This work, for solo tuba, was written for, and premiered by James Gourlay in 1994. Hans Nickel gave the first performance outside of England at the International Tuba and Euphonium Conference in Chicago in 1995.
Written for solo tuba, the title of the work derives from an old English word meaning a “call to arms” and Gregson interpreted this to be a “primeval call”, hence the opening gesture of the piece which is meant to imitate a tribal-like intensity. The piece is divided into three main sections and runs continuously. The first section is aggressive, nervous, and yet lyrical. The second section melodic and peaceful, but reaching a climax when the two themes (lyrical and rhythmic) are juxtaposed against each other. The last section is dance-like in character with changing time patterns which lead back to the very opening statement, the alarum of the piece. There are no time signatures and seldom bar lines. The rhythmic values are, however, strict and proportional. The notation appears less cluttered as a result and gives greater freedom to the soloist with regard to phrasing.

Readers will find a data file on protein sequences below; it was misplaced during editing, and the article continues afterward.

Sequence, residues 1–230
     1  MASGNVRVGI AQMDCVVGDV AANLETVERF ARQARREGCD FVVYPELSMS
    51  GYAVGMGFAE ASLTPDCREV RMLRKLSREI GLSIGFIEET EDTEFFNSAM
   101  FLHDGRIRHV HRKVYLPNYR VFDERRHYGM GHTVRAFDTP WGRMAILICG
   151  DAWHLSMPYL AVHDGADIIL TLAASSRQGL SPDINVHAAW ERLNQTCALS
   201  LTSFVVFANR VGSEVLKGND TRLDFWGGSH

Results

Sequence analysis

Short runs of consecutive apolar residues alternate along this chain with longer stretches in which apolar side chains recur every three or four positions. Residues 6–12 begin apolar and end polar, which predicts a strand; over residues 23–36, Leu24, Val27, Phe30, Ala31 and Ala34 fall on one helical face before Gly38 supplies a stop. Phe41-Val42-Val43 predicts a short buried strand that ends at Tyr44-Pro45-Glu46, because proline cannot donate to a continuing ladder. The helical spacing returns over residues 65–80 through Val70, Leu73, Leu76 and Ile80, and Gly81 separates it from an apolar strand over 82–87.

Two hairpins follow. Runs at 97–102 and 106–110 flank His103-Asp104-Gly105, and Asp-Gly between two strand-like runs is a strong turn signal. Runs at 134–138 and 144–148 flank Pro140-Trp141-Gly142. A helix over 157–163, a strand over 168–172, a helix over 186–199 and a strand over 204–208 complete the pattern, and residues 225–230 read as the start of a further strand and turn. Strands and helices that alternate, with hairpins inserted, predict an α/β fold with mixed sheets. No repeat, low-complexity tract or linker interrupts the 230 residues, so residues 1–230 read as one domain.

Alarum, surprisingly, is the one unaccompanied work and is a tour-de-force for the instrument. The title is an old term for a call-to-arms … and is an almost aggressively vibrant fantasy.
Guy Rickards, Klassisk.com, March 2022
There are two lots of musical material competing here: vibrant fanfares and bottom of the register groans. There is some lyrical music in the middle eight, before the piece closes with an errant dance, full of spicy rhythms. A Call to Arms? More like a debate between two grumpy old men with some interjections from a lovelorn youth. It is a great study for solo tuba and would be better entitled Étude.
John France, MusicWeb International